The Wise Blog

My Top Picks For Sustainable Fashion Shopping This Season

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I spend much of Autumn feeling a bit chilly, as I eek out the wearing of my summer skirts and shorts (accompanied by woolly socks in the privacy of Wise House HQ :-)).

Up until my early 30s a new season meant a trip to the high street for a splurge on new clothes with the mindset that I 'needed' new boots, a new summer dress etc. It's the behavioural norm for most of us, and explains why we often run out of storage space for clothes and have items in our wardrobe that have seen little wear!

For a number of reasons, I've stopped this kind of impulse buying. I don’t like to have too much stuff for a start (less space, more decisions, more waste). At the age of 42, I have plenty of clothing to meet my practical needs, and I still like most of the clothes I have bought over the years.

Most fundamental of all, I have become far more aware of the high environmental and social price paid for fast fashion;

‘The fashion industry is one of the most polluting industries in the world, causing human misery, enormous cost of life and gigantic environmental devastation.” Vandana Shiva

 

Most of us are aware that fast fashion isn't great, but do we really stop to think about our purchasing decisions? When we buy a piece of clothing, we're casting a vote in favour of everything that went into making it. The trouble is, we don’t exactly know what that is most of the time. Flicking through the latest Autumn/Winter brochures might show me what I'd look like gallavanting through the British countryside in a mack and skinny jeans, but it tells me nothing about the integrity of those same clothes. Where were they made? And by whom? Are the workers treated well? What fabric was used? Was it grown sustainably? What effect does its production have on the environment and local communities? 

If we could see the story behind each piece of clothing that we buy, would we buy differently?

Ex fashion designers like Lucy Siegle (The One Show's ethical expert) continues to raise awareness of an industry where people and the planet come second to selling the latest trends at an increasing pace and volume. But there is still a lack of transparency that keeps us in 'blissful' ignorance.

'In my opinion, this is a crisis. Mainstream fashion is dogged by a paucity of ideas and a failure to commit to deep sustainability and activate real change.' Lucy Siegle, Businessoffashion.com

Siegle's book ‘To Die For: Is Fashion Wearing Out The World’ is a sobering read. From the example of a shopper dropping her Primark bag in the rain and not bothering to pick it up, to the drying up of the world's 4th largest lake, the Aral sea, used to irrigate intenstive cotton growing fields. Our disposable approach to fashion in the west is inextricably linked to this level of exploitation.

‘The exposure of the bottom of the lake has released salts and pesticides into the atmosphere poisoning both farm land and people alike. Carcinogenic dust is blown into villages causing throat cancers and respiratory diseases.’ Tansy Hoskins, The Guardian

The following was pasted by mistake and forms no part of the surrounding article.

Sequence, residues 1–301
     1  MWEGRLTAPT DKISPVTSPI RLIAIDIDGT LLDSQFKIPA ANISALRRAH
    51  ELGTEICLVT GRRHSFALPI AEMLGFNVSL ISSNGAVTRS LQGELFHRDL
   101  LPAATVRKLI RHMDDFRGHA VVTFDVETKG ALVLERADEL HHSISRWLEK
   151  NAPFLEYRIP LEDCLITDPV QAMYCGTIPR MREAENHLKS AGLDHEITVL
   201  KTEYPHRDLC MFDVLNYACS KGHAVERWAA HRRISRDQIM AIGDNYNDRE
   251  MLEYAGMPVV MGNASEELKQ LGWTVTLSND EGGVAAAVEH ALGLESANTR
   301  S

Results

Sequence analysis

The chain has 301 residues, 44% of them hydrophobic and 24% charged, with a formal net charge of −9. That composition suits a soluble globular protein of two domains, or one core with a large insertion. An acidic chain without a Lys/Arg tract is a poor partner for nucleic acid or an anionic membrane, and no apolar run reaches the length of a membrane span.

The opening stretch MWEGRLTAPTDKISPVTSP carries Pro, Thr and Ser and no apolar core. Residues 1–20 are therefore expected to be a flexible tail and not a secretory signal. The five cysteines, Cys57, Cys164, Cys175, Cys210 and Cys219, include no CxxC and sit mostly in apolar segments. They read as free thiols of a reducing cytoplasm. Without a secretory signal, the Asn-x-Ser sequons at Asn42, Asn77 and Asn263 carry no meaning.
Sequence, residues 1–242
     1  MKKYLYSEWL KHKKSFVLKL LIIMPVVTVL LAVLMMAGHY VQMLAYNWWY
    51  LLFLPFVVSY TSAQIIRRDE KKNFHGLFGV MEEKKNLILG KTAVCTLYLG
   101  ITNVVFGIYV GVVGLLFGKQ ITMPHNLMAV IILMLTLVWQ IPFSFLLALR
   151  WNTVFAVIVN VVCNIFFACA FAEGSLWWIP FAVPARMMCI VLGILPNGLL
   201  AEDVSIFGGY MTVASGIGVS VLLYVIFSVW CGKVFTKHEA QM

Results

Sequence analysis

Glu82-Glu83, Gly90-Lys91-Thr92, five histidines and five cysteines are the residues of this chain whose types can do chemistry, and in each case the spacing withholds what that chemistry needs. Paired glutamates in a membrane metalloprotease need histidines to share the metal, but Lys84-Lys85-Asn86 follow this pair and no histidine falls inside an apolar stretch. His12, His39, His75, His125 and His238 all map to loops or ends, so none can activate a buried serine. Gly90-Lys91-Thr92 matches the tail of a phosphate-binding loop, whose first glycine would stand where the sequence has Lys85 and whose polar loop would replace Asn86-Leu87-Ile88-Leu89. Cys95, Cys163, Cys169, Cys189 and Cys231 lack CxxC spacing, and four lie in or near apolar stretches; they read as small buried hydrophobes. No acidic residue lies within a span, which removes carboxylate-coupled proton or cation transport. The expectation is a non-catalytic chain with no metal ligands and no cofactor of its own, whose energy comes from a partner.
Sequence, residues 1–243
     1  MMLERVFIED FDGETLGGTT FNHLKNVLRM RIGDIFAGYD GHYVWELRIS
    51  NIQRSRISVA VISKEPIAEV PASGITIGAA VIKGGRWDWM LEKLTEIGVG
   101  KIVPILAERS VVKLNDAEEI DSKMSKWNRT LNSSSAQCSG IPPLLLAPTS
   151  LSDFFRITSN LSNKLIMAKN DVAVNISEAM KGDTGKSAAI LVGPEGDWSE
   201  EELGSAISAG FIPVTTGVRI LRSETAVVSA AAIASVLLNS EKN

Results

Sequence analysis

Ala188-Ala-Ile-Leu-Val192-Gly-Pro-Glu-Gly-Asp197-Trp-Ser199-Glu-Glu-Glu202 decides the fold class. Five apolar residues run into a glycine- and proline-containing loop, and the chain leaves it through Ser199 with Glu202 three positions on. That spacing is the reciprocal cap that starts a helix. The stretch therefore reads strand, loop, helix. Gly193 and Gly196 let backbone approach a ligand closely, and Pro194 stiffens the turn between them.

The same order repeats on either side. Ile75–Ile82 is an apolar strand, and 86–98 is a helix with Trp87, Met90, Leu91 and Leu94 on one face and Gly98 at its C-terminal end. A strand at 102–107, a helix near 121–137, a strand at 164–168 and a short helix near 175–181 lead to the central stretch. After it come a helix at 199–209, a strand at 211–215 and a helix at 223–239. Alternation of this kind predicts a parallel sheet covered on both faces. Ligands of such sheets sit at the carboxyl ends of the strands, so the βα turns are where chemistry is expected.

As consumers, we have the power to make better choices when shopping for clothes. Fashion is hugely evocative, but dressing well and looking nice should be something we can acheive without the need to over-stuff our wardrobes. The best thing we can do is buy less and treasure the clothes we do have. Charity shops are abundant, and are another way to buy new clothes without buying new.

I can see no reason why clothes should ever end up in landfill. Charity shops, fabric recycling, local friends and family, are all options for passing on clothes that you no longer wear.

On my journey with The Wise House I have discovered some fantastic fairtrade and ethical fashion companies, with sustainable practices at the very heart of what they do. Buy less, shop ethically, go for style and substance over fast fashion. It's a start!

1. People Tree

One of my favourite items of clothing bought earlier this year came from People Tree; a beige jumpsuit made from thick 100% organic cotton. It’s so versatile and has been worn on evenings out and for daytime events. On a balmy evening in London whilst sitting at an outside bar with my bestie, I was very flattered to be asked by a trendy young lass as to where it came from. I was happy to point her in the direction of an ethical company of whom she had never heard!

I currently have my eye on their Marlowe Apple Shirt £59; gorgeous colours for Autumn. I love their new Corduroy culottes and shirt dress too. You can see in the product details (as is the case with all of their clothes) where, by whom and with what the shirt is made:

'100% organic cotton, made by Assisi Garments, a social enterprise in India. The skilled artisans at Assisi transform Fairtrade and organic cotton fibre into beautiful handmade garments.’

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Marlowe Apple Shirt £59, People Tree

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Organic Cotton Jumpsuit
Spring/ Summer Collection, People Tree

2. Two Thirds